Here is a description of the lock chambers from page 550-551 (Nook version):
The walls, one thousand feet long, rose to eighty-one feet, or higher than a six-story building. The impression was of looking down a broad, level street nearly five blocks long with a solid wall of six-story buildings on either side; only here there were no windows or doorways, nothing to give human scale. . . A single lock if stood on end would have been the tallest structure in the world, taller even than the Eiffel Tower. . . The lock chambers all had the same dimensions (110 by 1,000 feet) and they were built in pairs, two chambers running side by side in order to accommodate two lanes of traffic. . . The chambers in each pair shared a center wall that was sixty feet wide from bottom to top.

Beautiful scenery
In the Culebra Cut.
No force is used to raise and lower the ships in the chambers except gravity. Water flows into the chambers from above or out to the sea below. And it only takes about ten minutes to fill and empty the chambers. Ships are pulled through the chambers by electric locomotives called mules. To attach the ships to the mules, linemen throw the ropes to men in a rowboat!

The Panama Canal is an amazing feat of engineering. It cost many lives, made and ruined careers, and ended up costing the Americans less money than estimated in 1907. (page 570) It was a successful partnership of private enterprise and the government without corruption or graft. (page 571)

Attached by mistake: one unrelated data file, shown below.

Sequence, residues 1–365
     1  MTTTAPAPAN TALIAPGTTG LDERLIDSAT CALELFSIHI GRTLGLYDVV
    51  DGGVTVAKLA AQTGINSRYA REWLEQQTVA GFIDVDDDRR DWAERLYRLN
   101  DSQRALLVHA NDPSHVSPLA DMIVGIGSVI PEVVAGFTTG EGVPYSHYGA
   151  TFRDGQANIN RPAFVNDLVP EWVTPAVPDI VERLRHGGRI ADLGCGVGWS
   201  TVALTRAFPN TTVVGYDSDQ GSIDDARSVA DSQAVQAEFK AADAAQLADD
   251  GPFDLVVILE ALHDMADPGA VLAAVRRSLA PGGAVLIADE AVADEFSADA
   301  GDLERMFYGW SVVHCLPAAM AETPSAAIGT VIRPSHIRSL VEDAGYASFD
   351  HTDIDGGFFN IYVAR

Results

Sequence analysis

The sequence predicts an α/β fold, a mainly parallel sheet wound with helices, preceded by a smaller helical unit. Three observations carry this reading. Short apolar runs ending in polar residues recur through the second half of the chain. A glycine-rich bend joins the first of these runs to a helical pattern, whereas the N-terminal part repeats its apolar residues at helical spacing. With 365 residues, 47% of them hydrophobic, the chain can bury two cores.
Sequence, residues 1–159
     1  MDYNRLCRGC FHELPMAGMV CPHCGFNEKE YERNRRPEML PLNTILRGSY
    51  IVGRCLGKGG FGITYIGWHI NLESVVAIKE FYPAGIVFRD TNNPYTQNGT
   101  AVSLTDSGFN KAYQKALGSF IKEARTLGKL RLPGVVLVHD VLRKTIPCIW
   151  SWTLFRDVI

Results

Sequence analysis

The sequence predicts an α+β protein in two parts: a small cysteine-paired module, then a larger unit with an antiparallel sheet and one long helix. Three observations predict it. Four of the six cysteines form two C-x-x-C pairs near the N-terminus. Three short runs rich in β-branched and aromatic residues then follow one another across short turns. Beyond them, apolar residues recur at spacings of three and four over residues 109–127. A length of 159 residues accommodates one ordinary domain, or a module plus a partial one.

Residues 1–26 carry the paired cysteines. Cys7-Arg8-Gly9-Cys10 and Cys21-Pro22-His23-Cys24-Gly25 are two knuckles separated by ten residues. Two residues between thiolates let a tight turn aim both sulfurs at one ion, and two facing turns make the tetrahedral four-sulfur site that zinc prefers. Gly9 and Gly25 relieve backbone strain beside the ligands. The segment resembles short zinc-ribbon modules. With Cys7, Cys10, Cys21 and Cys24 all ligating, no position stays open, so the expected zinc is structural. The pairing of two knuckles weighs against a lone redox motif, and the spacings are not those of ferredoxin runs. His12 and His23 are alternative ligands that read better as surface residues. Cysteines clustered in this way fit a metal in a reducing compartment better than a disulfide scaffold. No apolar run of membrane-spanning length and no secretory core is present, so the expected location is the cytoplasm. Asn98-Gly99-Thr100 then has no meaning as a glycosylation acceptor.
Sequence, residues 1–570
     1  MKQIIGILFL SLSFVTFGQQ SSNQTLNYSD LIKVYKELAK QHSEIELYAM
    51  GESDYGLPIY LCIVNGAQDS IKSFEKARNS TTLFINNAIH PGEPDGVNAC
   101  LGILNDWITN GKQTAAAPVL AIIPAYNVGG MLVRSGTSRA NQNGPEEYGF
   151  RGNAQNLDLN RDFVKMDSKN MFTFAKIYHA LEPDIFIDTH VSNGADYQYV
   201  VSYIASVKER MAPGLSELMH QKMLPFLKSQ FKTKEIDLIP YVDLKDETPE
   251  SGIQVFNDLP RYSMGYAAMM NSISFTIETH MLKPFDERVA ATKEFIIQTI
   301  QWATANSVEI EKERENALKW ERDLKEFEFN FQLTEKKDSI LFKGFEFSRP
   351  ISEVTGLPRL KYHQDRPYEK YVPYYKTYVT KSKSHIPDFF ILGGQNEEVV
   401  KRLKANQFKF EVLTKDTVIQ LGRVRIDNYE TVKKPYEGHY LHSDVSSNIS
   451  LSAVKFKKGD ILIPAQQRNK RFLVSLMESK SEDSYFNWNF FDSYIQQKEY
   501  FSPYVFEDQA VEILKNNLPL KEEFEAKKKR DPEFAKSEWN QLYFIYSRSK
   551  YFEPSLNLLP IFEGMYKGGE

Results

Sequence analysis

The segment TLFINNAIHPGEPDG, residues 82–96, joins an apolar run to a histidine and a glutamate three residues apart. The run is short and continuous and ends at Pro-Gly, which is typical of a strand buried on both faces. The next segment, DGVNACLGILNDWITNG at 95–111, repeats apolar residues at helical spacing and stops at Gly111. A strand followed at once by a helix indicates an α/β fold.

The canal is constantly being dredged.

Water drains from the Pedro Miguel lock.

There was only two feet on either side between the ship and the chamber wall.

The mule and the lines attached to the ship.

Crocodiles aren't charged a toll
A fun story: the record for the lowest toll paid is held by Richard Halliburton who was allowed to swim through the canal, including the locks. Tolls are based on weight, so he paid 36 cents. (page 572)

Leaving the canal

Panama City
This is an excellent and informative book and a wonderful companion to take along when sailing through the canal.

Jimmy Fincher

I began reading the Jimmy Fincher Saga while on vacation. I think the author, James Dashner, is great, and the books seemed like they could be good cruise reading. There are four books: A Door in the Woods, A Gift of Ice, The Tower of Air, and War of the Black Curtain.

The books follow the adventures of 14-year-old Jimmy and his family and friends as they fight to save the world from the invasion of the Stompers, who are literally our worst nightmares. One summer day in Georgia, Jimmy climbs a tree and witnesses a crime. This leads him through a door in the woods and into a world of magic and crime that his family hoped they'd left behind. With the help of the Givers, Jimmy receives four gifts he will need to defeat the Stompers and save the world. Fortunately for Jimmy, the first gift grants him indestructibility.

I enjoyed these books. Dashner is a good story teller. I liked the ending of the series. I didn't see it coming although it was foreshadowed early in the story. It's not a typical ending for a series of childrens' books. It has echoes of the Atonement. In the end the story is one of coming of age in a fight between good and evil. The stories are filled with magic, monsters, dreams, other worlds, and the Alliance who are willing to sacrifice everything to help Jimmy defeat the Stompers.

The books delve a lot into the nature of sacrifice and what we are willing to give up to meet our goals. These books are worth the read.